Julie Munroe, pictured on the left, keeps a close eye on 11-year-old Brooke as she handles one of the firearms available as examples for the firearm safety portion of the CORE course. /ANDREA ARNOLD

By Andrea Arnold

Former valley resident Julie Munroe returned to town as an instructor and examiner for the CORE (Conservation and Outdoor Recreation Education) program during the week of March 20th. Some 25 individuals attended the 18-hour course, and 100 per cent passed. The course, held during Spring Break, was mostly younger students with 80 per cent of the students under the age of 20.

The successful completion of the CORE program is required for BC residents 10 years or older who want a BC Fish and Wildlife ID and hunting credentials, both needed for a hunting licence. The course is available both through in-person instruction as well as online. It consists of a practical firearms handling test, and a written exam covering conservation, ethics, law & regulations, first aid & survival, firearms safety, animal identification, bird identification and Indigenous People & Hunting in BC.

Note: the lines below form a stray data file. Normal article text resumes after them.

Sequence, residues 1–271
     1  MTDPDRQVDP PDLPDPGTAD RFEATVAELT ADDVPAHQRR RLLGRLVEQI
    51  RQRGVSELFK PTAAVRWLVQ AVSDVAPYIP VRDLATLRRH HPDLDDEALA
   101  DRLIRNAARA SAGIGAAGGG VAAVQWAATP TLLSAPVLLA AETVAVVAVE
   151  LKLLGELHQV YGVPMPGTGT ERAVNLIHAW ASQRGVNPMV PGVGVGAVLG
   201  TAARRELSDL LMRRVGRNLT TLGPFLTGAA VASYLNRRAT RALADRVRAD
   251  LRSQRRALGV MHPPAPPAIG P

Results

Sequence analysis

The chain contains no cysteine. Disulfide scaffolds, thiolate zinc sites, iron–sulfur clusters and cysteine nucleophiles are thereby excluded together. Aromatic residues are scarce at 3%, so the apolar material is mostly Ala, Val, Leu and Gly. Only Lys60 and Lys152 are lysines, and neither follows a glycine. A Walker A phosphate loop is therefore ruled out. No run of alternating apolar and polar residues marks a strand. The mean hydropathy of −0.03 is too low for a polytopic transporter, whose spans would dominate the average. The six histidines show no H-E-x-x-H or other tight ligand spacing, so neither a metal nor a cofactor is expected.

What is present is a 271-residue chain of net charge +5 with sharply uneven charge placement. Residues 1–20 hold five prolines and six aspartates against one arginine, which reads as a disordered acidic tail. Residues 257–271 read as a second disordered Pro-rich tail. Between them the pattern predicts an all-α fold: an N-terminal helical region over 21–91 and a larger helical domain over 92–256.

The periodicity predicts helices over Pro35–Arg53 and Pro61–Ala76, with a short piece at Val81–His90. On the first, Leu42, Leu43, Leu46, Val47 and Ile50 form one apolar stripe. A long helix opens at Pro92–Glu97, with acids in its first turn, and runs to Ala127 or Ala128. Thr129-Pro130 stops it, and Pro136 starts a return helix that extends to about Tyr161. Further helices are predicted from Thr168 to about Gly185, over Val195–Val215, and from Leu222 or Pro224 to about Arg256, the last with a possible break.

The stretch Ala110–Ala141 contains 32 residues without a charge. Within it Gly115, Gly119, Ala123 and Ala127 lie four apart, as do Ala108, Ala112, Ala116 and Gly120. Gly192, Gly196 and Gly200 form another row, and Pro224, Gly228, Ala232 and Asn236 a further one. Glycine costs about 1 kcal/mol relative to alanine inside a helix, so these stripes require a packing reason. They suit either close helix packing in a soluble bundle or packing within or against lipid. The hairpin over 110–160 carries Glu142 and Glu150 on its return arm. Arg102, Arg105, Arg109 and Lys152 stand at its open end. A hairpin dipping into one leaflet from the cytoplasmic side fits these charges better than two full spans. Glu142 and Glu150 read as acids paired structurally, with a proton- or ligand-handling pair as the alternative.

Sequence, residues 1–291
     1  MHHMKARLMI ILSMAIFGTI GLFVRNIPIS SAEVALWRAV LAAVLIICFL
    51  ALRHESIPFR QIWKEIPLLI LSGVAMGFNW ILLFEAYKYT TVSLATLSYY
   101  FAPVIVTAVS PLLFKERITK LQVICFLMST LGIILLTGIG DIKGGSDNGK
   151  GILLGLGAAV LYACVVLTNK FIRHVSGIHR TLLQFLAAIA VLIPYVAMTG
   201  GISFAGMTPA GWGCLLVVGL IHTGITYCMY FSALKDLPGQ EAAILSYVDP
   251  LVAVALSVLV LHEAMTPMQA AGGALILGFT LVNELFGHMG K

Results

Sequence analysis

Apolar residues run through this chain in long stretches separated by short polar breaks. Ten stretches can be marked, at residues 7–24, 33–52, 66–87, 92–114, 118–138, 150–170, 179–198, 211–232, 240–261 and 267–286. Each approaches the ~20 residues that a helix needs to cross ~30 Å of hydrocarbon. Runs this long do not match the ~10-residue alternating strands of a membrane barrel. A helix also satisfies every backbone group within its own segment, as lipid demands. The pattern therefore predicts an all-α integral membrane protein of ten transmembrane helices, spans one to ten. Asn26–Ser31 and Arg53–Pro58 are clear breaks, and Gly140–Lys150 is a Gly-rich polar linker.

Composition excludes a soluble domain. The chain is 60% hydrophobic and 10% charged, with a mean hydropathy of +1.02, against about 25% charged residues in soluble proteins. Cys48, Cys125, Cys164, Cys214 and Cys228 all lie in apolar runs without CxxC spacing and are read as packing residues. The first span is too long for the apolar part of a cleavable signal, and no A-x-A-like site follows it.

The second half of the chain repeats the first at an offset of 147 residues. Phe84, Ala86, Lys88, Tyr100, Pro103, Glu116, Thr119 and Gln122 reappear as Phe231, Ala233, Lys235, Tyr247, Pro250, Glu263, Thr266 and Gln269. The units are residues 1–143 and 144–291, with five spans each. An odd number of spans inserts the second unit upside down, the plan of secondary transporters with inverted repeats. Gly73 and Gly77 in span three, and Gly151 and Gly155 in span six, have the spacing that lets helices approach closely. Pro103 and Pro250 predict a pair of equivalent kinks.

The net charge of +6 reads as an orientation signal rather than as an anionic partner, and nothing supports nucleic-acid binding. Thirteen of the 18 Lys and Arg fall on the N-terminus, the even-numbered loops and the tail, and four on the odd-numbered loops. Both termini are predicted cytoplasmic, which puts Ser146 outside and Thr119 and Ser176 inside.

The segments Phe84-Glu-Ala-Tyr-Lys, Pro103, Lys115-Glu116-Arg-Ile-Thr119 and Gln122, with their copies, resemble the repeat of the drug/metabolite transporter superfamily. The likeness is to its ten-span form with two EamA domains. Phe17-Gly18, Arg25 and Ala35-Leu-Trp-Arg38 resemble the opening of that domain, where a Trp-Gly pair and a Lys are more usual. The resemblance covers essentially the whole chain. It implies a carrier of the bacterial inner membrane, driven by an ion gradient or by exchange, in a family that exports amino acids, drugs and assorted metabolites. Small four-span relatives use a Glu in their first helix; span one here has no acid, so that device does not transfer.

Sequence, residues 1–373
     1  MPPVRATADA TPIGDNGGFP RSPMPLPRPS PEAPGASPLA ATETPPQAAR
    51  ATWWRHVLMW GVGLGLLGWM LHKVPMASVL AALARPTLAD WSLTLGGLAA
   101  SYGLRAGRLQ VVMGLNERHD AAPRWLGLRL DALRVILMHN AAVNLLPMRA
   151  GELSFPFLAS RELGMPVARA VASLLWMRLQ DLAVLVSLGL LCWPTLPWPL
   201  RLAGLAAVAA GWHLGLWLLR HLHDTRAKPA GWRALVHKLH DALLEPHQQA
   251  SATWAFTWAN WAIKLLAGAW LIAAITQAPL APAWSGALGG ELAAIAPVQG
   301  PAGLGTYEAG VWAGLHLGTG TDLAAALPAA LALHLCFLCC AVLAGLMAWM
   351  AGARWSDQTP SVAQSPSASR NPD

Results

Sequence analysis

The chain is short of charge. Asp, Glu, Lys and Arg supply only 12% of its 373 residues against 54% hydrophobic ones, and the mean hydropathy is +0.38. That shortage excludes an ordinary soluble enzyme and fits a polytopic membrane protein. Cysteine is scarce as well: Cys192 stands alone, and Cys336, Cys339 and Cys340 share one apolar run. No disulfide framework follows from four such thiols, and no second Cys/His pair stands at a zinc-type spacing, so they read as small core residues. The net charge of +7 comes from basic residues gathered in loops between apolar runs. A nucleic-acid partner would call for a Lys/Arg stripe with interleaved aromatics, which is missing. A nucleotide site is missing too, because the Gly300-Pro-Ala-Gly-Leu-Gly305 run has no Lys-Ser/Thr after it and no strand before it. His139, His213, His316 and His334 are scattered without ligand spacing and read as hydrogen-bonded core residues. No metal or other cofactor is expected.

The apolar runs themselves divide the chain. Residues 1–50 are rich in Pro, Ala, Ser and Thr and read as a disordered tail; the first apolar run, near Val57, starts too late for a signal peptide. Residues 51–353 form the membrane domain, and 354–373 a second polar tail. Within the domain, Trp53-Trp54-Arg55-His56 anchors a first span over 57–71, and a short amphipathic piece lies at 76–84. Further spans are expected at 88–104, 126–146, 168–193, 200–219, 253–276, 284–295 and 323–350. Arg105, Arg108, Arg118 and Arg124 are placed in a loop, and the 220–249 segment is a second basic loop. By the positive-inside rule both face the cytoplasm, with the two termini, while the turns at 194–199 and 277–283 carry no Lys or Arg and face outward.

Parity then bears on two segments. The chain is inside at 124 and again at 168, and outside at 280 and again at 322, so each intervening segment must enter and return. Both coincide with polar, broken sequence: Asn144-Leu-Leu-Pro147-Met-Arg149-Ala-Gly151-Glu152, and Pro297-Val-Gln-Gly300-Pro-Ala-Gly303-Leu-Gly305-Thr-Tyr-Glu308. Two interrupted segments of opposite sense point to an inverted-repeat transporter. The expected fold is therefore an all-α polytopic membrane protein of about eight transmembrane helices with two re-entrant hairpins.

Munroe explained that once a person has completed the CORE course and has successfully passed both a written and a practical exam they have to submit the documentation to BC Wildlide Federation to obtain their CORE graduation certificate in the mail. Once they have received their certificate they can go to any Service BC desk to acquire their Fish and Wildlife ID. From there they can purchase their licenses, etc, and they do not need to recertify.

Munroe became an instructor/examiner almost 10 years ago.

“My kids, as well as friends’ kids, were showing interest in continuing the hunting traditions and I saw a need for a local instructor,” she said.

She started teaching in McBride, and has continued since her move to the Okanagan. However, she holds fast to her valley roots and is happy to provide instruction to interested parties.

“I am proud of all my successful students, especially the women and children who are keen to learn about the outdoors and what they have to offer,” she said. “It’s really rewarding as an instructor to see your students show an enthusiastic yearning to learn, and share with others, a skill that essentially can be, in simplest form, a survival technique. 

“Conservation really is an important aspect of our future, and I’m very happy to be able to aid in the learning of its importance,” she said.